Here's the first suggestion, in case the handwaving wasn't clear enough. Totally untested code, didn't even try compiling it, and the use of integer types is, too say the least, sloppy. If you use it, try to make it more beautiful. Also I should have (but didn't) restrict the start of the indexed range to *begin_; if that's significantly greater than 0, you should fix it.

``````// The provided range must be sorted, and value_type must be arithmetic.
template<type RandomIterator, unsigned long size>
class IndexedLookup {
public:
using value_type = typename RandomIterator::value_type;
IndexedLookup(RandomIterator begin, RandomIterator end)
: begin_(begin),
end_(end),
delta_(*(end_ - 1) / size) {
for (unsigned long i = 0; i < size; ++i)
index_[i] = std::lower_bound(begin_, end_, i * delta_) - begin_;
// The above expression cannot be out of range
index_[size] = end_ - begin_;
}

RandomIterator lookup(value_type needle) {
int low = needle / delta_;
return std::lower_bound(index_[begin_ + low],
index_[begin_ + low + 1],
needle);
}

private:
RandomIterator begin_, end_;
value_type delta_;
std::array<int, size + 1> index_;
}
``````
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Method 1: If you just need to know if a given number is in the list, and the maximum value is not too big, you could consider using bit field. The look up would be O(1) operation then.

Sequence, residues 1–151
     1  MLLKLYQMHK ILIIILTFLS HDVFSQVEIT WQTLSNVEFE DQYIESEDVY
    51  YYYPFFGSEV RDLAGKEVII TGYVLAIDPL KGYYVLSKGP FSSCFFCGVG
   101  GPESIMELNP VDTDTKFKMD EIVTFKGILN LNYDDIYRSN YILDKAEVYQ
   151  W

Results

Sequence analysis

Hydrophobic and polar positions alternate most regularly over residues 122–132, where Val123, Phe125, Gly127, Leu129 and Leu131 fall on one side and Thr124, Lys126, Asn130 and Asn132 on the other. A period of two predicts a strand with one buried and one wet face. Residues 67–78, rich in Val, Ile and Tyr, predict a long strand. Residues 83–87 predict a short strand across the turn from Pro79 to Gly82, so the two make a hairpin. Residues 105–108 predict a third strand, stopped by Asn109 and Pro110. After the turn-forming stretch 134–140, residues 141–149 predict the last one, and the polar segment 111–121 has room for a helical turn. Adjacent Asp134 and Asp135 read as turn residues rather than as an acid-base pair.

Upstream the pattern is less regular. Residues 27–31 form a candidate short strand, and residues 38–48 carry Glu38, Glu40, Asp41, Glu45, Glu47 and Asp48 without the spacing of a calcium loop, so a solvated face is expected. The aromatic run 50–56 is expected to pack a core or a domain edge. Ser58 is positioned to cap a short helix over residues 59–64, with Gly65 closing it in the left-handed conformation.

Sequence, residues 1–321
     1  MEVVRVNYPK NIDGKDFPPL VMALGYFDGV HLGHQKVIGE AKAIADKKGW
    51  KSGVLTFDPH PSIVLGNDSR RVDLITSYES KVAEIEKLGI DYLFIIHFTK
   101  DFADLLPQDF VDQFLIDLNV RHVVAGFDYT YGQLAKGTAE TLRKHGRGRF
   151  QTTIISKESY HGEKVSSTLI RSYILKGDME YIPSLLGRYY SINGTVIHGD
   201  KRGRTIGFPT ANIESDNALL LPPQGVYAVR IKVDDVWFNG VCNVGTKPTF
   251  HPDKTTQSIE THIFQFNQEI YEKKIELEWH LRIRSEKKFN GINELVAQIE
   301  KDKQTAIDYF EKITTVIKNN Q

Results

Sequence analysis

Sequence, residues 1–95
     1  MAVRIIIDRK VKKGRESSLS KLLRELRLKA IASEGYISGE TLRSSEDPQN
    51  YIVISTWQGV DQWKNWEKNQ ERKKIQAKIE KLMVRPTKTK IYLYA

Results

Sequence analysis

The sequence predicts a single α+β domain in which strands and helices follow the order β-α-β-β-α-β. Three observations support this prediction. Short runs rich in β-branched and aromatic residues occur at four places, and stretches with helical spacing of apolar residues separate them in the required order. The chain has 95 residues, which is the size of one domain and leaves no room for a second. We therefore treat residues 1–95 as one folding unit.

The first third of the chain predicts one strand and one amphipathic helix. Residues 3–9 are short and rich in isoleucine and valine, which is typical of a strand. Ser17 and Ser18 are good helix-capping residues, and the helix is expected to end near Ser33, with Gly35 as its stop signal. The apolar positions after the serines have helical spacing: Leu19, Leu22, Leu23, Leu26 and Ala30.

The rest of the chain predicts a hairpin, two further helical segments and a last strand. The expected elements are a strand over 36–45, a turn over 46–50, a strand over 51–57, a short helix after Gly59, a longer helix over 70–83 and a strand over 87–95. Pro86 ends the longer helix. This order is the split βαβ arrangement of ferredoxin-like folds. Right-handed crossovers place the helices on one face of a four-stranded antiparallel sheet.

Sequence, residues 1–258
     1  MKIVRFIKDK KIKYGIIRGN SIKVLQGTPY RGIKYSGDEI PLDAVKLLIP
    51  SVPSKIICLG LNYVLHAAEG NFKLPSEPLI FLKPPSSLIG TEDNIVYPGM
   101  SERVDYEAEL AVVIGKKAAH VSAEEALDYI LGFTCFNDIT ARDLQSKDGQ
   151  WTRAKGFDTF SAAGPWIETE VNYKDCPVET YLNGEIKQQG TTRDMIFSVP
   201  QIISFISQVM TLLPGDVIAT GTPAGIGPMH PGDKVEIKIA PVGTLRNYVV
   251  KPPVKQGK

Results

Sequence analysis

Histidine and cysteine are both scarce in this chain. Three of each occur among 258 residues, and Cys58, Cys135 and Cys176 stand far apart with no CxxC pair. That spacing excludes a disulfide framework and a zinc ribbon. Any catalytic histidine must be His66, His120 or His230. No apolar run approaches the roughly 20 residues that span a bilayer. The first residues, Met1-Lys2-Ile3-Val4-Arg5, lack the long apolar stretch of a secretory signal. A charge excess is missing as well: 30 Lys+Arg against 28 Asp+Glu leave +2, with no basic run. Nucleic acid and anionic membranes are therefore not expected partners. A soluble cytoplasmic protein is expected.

Method 2: If the range of values is huge (small and big integers in it), but the list size is not big (e.g. couple of thousands), you could try (programmatically) crafting a hash function that

1. is one-to-one on the values of in the list;
2. will give a value of range `0` ... `N + m` with `m` small enough;
3. relatively inexpensive to calculate.

The values of the constant list could then be put in an array, indexed by the hash value, for quick check of inclusion for a given input value. If there are holes in the list (`m` non-zero), then the holes should be indicated by special value (e.g. `-1`).

Inclusion test: for a given input 1. calculate hash value; 2. if the value of the hash value is out of range, the input is not in the list; 3. otherwise the input belongs to the list if and only if the value in the generated array indexed by the hash value is the same as the input value.

How to craft the hash function is worth another question in SO (for string values there exist tools to generate tools for this purpose). :-)

Limitation: If the list is not created in compile time, but calculated or received in run time of the program, then this method is not suitable. Also if this list is changing frequently, then the computational time required to generate the hash function and the code could make this approach unsuitable.

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Since the largest value in the given list is not known, how would you efficiently decide the size of bit vector? –  Vikdor Sep 26 '12 at 3:54
@Vikdor: I don't know why you say the largest value is not known, when the question clearly says "List is fixed." –  Ben Voigt Sep 26 '12 at 3:55
So, you would iterate through the list to find the largest value which incurs O(n) and that would be fine? Got it. –  Vikdor Sep 26 '12 at 3:57
@Vikdor: But you only have to do that once, not for every lookup. So the amortized cost becomes O(1). –  Ben Voigt Sep 26 '12 at 3:58
Since the number of lookup will be in millons. The pre-processing over head like sorting is acceptable –  chandras Sep 26 '12 at 4:33